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  1. Review of Johan de Jong: The Movement of Showing: Indirect Method, Critique, and Responsibility in Derrida, Hegel, and Heidegger. [REVIEW]Sarah Horton - 2021 - Phenomenological Reviews 2021.
    Review of Johan de Jong, The Movement of Showing: Indirect Method, Critique, and Responsibility in Derrida, Hegel, and Heidegger (New York: SUNY, 2020).
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  2. The Just as an Absent Ground in Plato's Cratylus.Sarah Horton - 2021 - Epoché: A Journal for the History of Philosophy 25 (2):281-292.
    Through a study of nature and paternal power, this paper sheds light on the neglected theme of the relation between language and justice in Plato’s Cratylus. The dialogue inquires after the correctness of names, and it turns out that no lineage leads us back to a natural ground of names. Every lineage breaks; nature is always disrupted by the monstrous. It does not follow, however, that names are mere conventions without significance: on the contrary, naming is best understood as a (...)
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  3. Texts on Violence: Of the Impure (Contaminations, Equivocations, Trembling).Thomas Clément Mercier - 2020 - Oximora 17:1-25.
    This article interrogates a certain philosophical scene – one which constitutes itself through the position of what Jacques Derrida calls “the ethical instance of violence.” This scene supposes a certain “style” of writing or doing philosophy, and perhaps even a certain philosophical “genre” or “subgenre”: the philosophical discourse on violence. In the course of the essay, I analyze this quasi-juridical scene through readings of Aristotle, Walter Benjamin, Giorgio Agamben, Judith Butler, Slavoj Žižek, Werner Hamacher, Rodolphe Gasché, and Martin Hägglund among (...)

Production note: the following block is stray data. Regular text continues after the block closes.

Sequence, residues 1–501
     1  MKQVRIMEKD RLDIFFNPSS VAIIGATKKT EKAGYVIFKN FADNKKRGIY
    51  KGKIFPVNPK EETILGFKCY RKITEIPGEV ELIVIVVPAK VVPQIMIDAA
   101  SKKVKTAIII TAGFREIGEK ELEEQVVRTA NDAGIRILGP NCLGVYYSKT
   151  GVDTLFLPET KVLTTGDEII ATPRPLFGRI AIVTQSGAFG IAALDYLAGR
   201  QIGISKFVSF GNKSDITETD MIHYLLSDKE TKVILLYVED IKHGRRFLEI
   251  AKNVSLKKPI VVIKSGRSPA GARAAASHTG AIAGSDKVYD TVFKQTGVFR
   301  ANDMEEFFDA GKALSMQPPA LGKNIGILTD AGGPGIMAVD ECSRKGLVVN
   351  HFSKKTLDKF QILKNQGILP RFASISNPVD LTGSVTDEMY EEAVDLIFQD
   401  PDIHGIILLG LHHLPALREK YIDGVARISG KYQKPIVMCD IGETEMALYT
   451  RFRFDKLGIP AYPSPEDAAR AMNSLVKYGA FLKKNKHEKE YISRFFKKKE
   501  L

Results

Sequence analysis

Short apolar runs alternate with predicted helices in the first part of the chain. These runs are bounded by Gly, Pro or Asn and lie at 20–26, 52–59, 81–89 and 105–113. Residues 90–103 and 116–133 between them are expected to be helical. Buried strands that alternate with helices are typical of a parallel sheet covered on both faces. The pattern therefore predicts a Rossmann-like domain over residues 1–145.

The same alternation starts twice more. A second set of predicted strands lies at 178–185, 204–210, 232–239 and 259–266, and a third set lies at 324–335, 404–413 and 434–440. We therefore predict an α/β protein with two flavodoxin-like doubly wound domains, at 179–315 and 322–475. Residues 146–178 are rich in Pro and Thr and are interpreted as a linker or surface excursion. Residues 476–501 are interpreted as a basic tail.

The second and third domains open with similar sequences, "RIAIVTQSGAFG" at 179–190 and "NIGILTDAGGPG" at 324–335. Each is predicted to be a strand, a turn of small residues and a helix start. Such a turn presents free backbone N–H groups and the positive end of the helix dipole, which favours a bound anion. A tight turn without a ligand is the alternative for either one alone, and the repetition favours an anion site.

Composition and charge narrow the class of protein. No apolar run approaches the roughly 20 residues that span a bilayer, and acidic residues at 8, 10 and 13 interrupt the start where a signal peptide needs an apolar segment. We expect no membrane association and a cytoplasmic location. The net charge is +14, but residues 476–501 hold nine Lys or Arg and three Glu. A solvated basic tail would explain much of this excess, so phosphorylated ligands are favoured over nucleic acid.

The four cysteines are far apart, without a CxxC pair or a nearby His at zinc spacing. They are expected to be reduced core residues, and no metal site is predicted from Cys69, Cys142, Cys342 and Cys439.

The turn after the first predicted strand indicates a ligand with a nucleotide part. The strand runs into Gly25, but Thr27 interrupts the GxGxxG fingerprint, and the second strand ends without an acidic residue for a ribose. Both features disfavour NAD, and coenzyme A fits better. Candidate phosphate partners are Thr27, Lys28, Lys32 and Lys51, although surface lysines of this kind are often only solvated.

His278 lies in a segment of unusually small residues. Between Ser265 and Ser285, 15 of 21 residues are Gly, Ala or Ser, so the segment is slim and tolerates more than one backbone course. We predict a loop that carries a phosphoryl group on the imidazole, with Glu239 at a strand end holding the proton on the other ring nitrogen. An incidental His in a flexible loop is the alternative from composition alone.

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  4. ‘“I Never Met a Me”: Philosophy and Identity in D’Ailleurs, Derrida.’.Marguerite La Caze - 2019 - Derrida Today 12 (2):152-170.
    The tension between the absence of identity and the feeling of presence theorised in Jacques Derrida’s philosophy is revealed in D’ailleurs Derrida, a film by Safaa Fathy (1999). Fathy’s film has had limited scholarly attention, yet it makes a distinctive contribution both to understanding and questioning Derridean thought. I argue that the not-meness of identity is revealed by Fathy through the theme of ‘elsewhere’ (ailleurs) in the film and yet it allows the audience to experience the tone and cadence of (...)
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  5. We Have Tasted the Powers of the Age to Come: Thinking the Force of the Event—From Dynamis to Puissance.Thomas Clément Mercier - 2018 - Oxford Literary Review 40 (1):76-94.